The British Virgin Islands, or BVI for short, are some of the most exclusive and least developed islands of the Caribbean, but this only adds to their appeal. The resorts, villas, restaurants and other tourist attractions in this paradise are known to emphasize spare luxury over sprawling expansion, and they attract travelers with deep pockets and a love for sailing and seclusion. Many travelers who visit come by ferry boat from another Caribbean isle, especially as some find opulent exile too hard to enjoy for longer than a day or two. And some say it's better to split your time between here, the nearby U.S. Virgin Islands and Anguilla to the east.
Others find more than enough to keep them exclusively anchored by these 60 islands and cays. On Tortola, you'll find mountainous cliffs and chalk white beaches, characterized by changing tides and calm easterly winds. A brief sail away, sleepy Jost Van Dyke offers delicious Caribbean food and drink, one of the region's best New Year's Eve parties, as well as a few outdoor excursions like diving and fishing. On Virgin Gorda, you'll find The Baths, perhaps the most picturesque shore in the British Virgin Islands, and with good reason: It offers unique grottoes amidst gigantic granite boulders (just be mindful of the daytripping crowds). For supreme seclusion, try Anegada; its slow pace, flat terrain and sparkling sand lies almost overlooked in Caribbean Sea.
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Virgin Islanders dress casually but conservatively. Wearing a bathing suit – or even sandals – anywhere besides the beach marks you as a tourist. Most nightclubs are willing to accept you in boat shoes and a nice pair of shorts, but don't be surprised to find the residents in slightly better attire.
Since the British Virgin Islands are located in the Caribbean, it should come as no surprise that seafood is a big part of the cuisine scene. Expect to find Caribbean spiny lobster, conch and fresh fish like mahi mahi, grouper and yellowfin tuna on menus at various eateries throughout the islands. Traditional BVI fare includes okra, callaloo (a soup made with leafy vegetables, meats and spices) and roti (meat and veggies spiced with curry and wrapped in a thin flatbread). Heavily spiced dishes are standard throughout the BVI, with chefs using everything from sea salt and pepper to strong curry, nutmeg, garlic powder and jerk seasoning. You should also try a painkiller when you're looking to wet your whistle. This alcoholic drink originated in the British Virgin Islands and typically consists of pineapple juice, orange juice, cream of coconut and a hefty dose of rum, garnished with fresh nutmeg.
When it comes to eating out, there aren't a wealth of dining options available as many people visiting the islands charter boats with their own chefs or are just staying for the day. However, there are a few mainstay bars and restaurants on Jost Van Dyke, Virgin Gorda and Tortola that travelers say are worth a visit. Anyone heading to Jost Van Dyke would be remiss if they didn't spend a few hours savoring drinks at Foxy's Tamarind Bar & Restaurant. It's known to host a raucous New Year's Eve celebration but it's just as festive the other 364 days of the year. The drinks, music and atmosphere make this one of the most fun bars around, according to travelers.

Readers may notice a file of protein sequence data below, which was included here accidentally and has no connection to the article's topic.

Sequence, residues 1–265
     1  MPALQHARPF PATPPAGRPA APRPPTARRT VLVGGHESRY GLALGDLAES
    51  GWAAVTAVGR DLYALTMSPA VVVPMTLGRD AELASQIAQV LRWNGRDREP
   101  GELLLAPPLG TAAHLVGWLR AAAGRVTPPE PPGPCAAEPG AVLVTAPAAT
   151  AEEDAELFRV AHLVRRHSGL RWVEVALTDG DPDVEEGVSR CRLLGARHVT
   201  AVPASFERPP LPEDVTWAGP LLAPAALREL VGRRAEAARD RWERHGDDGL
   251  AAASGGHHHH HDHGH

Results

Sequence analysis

On Tortola, you'll find some traditional Caribbean fare and tasty seafood at the Sugar Mill Restaurant and terrific sunsets and Caribbean fusion cuisine at the BananaKeet Café. For more upscale fare, visit the Dove Restaurant & Wine Bar in the BVI capital of Road Town. On Virgin Gorda, experts and visitors suggest meals at the beachfront, seafood-centric CocoMaya Restaurant or the decadent (but pricey) Pavilion at Little Dix Bay. Keep in mind, most of the restaurants run on "island time" so don't expect your food to be ready immediately – you're on vacation, so grab a drink, relax and enjoy your surroundings.
Crime is rare and hardly a concern for most BVI travelers. Your biggest safety hazard will be avoiding livestock as you try to navigate the many narrow dirt roads of the British Virgin Islands. But your best bet for avoiding the islands' goats, chickens and sheep is not renting a car at all: Between the animals, the left-side driving and the unpaved dirt paths masquerading as roads, it's not worth it.
The best way to get around the British Virgin Islands is on a boat. You might even need one to arrive at your destination first – there are no direct flights from the United States to this island chain and many people fly into Cyril E. King Airport (STT) on St. Thomas in the U.S. Virgin Islands and then ferry over. You could also take a regional carrier to the Terrance B. Lettsome International Airport (EIS) on Beef Island. Beef Island's airport is connected to Tortola by bridge, so you can taxi or rent a car in the terminal. Keep in mind there are also regional connections from Puerto Rico's Luis Muñoz Marín International Airport (SJU). Once you're settled, you might end up on the water again – to ferry or to sail between the numerous islands that make up this archipelago. You should rent a car or take a taxi to move about larger islands like Virgin Gorda or Tortola.See details for Getting Around
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You'll need a valid U.S. passport with at least one blank page to travel to the British Virgin Islands and to re-enter the United States. Upon arrival on the islands, you'll also need to present proof of return flights or continuing travels, and you can anticipate a departure tax when you leave. Occasionally, officials will also ask to see proof of sufficient funds to cover your visiting expenses. Visit the U.S. State Department's website for the latest information on foreign entry and exit requirements.